The indigenous methods of rainwater harvesting were primarily designed to meet drinking water requirement in coastal areas where ‘there is water everywhere, but not a drop to drink.’
Simple method to maximise rainwater efficiency
Exploitation and use of underground water using hand pumps and borewells always led to more salinisation as classically happened in Lakshadeep Islands when forage cultivation was encouraged using underground water.
Sea water intrusion
There was sea water intrusion and consequent salinisation. The rain water harvested during monsoon was collected in existing wells around the homestead and used to irrigate crops during summer.
Rain water conservation in sandy soils of coastal areas for irrigation was done in an indigenous way. Earthen pots with a hole at the bottom filled with water were placed near the roots of crops.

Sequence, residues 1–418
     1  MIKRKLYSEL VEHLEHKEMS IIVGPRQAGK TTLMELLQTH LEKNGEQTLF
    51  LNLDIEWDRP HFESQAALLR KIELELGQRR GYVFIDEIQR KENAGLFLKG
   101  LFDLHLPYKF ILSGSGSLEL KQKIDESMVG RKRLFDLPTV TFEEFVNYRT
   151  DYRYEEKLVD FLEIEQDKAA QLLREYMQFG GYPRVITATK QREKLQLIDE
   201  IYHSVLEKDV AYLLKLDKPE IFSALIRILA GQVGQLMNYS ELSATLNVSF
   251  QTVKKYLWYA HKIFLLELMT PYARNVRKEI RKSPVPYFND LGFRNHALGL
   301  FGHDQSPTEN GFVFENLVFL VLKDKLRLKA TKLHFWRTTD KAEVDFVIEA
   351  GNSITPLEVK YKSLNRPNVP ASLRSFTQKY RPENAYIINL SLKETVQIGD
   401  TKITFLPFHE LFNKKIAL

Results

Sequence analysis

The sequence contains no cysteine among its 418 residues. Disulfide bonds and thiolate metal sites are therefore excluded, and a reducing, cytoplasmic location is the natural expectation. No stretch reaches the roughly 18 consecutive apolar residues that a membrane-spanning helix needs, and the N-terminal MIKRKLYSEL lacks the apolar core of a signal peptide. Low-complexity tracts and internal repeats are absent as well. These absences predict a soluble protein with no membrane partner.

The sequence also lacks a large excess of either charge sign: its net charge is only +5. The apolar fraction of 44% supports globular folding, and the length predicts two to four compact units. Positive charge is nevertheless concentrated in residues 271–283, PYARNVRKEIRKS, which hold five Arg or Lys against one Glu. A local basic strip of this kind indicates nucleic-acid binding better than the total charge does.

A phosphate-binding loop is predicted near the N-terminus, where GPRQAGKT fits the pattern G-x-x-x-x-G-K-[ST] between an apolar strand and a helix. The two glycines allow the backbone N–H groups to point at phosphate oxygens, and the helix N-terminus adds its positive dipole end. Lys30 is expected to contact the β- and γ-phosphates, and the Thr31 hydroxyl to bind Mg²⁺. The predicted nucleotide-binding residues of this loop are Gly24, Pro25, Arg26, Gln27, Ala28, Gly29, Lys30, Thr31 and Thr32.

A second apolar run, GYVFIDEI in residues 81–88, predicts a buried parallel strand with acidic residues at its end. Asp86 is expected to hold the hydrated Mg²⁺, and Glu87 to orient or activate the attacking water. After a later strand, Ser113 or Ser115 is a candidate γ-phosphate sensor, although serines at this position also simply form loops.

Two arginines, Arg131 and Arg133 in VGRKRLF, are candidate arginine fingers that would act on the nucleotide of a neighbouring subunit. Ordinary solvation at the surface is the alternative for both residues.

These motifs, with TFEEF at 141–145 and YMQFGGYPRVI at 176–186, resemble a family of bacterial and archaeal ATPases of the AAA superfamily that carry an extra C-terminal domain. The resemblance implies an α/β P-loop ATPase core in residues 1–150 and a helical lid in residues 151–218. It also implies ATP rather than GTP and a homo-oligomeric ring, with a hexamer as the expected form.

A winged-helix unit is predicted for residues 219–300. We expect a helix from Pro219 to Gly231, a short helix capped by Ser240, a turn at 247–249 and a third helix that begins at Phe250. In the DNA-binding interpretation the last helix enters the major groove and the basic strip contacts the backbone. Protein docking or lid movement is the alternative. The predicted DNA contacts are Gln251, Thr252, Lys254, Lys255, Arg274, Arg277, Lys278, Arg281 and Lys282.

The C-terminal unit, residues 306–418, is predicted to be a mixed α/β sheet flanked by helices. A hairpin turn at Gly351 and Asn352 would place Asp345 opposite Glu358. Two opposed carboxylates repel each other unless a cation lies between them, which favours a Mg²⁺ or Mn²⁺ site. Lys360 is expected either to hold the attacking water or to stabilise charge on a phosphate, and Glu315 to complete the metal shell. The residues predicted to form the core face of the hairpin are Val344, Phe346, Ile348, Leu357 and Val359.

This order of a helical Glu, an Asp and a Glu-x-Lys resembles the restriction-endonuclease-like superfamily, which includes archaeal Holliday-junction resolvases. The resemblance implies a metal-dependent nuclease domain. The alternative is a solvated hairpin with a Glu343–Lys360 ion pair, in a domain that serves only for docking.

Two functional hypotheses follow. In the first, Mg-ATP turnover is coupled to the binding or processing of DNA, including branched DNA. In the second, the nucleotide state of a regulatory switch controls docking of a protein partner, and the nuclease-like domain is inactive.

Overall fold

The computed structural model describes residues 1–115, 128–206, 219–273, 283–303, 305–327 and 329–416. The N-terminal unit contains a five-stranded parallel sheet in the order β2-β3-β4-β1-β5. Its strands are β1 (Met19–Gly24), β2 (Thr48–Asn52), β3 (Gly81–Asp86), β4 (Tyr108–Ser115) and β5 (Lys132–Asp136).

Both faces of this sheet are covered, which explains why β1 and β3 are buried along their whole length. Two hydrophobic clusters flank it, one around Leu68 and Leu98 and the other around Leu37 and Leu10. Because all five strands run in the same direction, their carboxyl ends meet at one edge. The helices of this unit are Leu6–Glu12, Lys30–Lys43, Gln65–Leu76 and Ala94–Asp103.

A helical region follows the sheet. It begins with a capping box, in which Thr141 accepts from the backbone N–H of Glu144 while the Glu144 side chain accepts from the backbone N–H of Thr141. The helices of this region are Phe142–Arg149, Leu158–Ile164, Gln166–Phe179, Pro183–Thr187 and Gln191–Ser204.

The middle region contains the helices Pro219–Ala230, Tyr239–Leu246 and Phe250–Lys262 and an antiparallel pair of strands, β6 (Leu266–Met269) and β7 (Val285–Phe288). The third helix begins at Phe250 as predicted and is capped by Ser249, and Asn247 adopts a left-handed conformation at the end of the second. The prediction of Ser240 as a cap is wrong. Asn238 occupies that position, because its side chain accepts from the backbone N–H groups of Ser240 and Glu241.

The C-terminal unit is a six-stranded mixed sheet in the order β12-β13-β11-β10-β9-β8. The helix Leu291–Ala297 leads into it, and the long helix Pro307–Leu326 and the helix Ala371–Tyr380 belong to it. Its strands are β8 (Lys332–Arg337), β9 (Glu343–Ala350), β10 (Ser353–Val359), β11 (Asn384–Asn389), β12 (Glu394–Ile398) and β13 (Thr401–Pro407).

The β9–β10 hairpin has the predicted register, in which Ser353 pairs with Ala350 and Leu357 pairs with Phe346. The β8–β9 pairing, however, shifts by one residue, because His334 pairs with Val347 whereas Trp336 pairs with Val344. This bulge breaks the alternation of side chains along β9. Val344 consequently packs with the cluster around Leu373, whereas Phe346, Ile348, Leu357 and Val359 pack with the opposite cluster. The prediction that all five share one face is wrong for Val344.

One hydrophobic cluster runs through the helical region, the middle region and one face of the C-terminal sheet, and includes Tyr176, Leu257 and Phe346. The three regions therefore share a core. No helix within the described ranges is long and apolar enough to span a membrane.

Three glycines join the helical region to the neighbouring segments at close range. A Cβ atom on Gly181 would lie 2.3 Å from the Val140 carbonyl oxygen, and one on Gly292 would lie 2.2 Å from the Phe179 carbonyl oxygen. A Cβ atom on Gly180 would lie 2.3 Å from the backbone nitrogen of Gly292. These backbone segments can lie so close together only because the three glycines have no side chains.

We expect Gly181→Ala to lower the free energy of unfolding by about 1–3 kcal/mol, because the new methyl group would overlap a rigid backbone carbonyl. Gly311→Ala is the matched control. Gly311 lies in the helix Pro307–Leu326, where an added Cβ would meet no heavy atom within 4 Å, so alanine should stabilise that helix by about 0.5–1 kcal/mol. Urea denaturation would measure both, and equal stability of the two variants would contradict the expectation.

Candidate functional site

Many farmers in coastal zones of West Coast are still following this method with modifications like replacement of earthen pots with plastic pots. Pitcher system of irrigation is an innovative method to maximise rainwater efficiency.
It is an age-old practice to keep crops alive during periods of water shortage, according to Dr. K.V. Peter, Professor of Horticulture and Former Vice-Chancellor, Kerala Agricultural University. Earthen pots with one hole at the bottom are used. A cotton wig plugged into the bottom hole will release the water slowly based on the moisture in the soil.
In fact pitcher irrigation is as popular, or rather more popular than any other method of irrigation during summer or when water is scarce.
Leaf mulching along with pitcher irrigation further enhances water use efficiency, according to Dr. K.S. Purushan, Dean (fisheries), College of Fisheries, Panangad, Kochi. One of the advantages of using pitchers is their water saving capacity. But it has its limitations, as pitchers can be used only on a small-scale, while flood and sprinkler systems are for more extensive irrigation.
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